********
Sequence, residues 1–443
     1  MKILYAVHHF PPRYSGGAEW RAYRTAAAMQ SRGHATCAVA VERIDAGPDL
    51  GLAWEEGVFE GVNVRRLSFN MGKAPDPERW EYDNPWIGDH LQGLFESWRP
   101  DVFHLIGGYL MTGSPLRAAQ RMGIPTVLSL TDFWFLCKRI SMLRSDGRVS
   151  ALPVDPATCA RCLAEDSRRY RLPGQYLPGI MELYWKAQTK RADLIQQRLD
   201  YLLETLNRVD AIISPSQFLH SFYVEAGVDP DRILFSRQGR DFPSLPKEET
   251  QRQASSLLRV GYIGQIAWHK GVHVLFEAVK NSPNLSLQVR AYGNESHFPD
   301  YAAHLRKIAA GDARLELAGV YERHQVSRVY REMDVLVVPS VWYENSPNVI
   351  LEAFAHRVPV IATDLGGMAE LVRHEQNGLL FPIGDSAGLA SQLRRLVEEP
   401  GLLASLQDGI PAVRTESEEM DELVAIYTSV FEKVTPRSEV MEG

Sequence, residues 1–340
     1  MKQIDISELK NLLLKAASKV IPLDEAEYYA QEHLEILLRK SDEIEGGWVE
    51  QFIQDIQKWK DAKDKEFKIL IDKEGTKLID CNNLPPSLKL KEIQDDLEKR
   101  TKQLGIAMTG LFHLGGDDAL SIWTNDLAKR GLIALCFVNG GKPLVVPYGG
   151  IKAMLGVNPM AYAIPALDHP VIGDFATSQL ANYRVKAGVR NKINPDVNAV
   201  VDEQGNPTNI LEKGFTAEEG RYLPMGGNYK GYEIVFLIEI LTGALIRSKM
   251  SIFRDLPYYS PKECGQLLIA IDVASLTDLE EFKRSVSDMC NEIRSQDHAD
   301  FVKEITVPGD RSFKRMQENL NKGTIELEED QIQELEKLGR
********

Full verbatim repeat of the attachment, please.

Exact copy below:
Sequence, residues 1–443
     1  MKILYAVHHF PPRYSGGAEW RAYRTAAAMQ SRGHATCAVA VERIDAGPDL
    51  GLAWEEGVFE GVNVRRLSFN MGKAPDPERW EYDNPWIGDH LQGLFESWRP
   101  DVFHLIGGYL MTGSPLRAAQ RMGIPTVLSL TDFWFLCKRI SMLRSDGRVS
   151  ALPVDPATCA RCLAEDSRRY RLPGQYLPGI MELYWKAQTK RADLIQQRLD
   201  YLLETLNRVD AIISPSQFLH SFYVEAGVDP DRILFSRQGR DFPSLPKEET
   251  QRQASSLLRV GYIGQIAWHK GVHVLFEAVK NSPNLSLQVR AYGNESHFPD
   301  YAAHLRKIAA GDARLELAGV YERHQVSRVY REMDVLVVPS VWYENSPNVI
   351  LEAFAHRVPV IATDLGGMAE LVRHEQNGLL FPIGDSAGLA SQLRRLVEEP
   401  GLLASLQDGI PAVRTESEEM DELVAIYTSV FEKVTPRSEV MEG

Sequence, residues 1–340
     1  MKQIDISELK NLLLKAASKV IPLDEAEYYA QEHLEILLRK SDEIEGGWVE
    51  QFIQDIQKWK DAKDKEFKIL IDKEGTKLID CNNLPPSLKL KEIQDDLEKR
   101  TKQLGIAMTG LFHLGGDDAL SIWTNDLAKR GLIALCFVNG GKPLVVPYGG
   151  IKAMLGVNPM AYAIPALDHP VIGDFATSQL ANYRVKAGVR NKINPDVNAV
   201  VDEQGNPTNI LEKGFTAEEG RYLPMGGNYK GYEIVFLIEI LTGALIRSKM
   251  SIFRDLPYYS PKECGQLLIA IDVASLTDLE EFKRSVSDMC NEIRSQDHAD
   301  FVKEITVPGD RSFKRMQENL NKGTIELEED QIQELEKLGR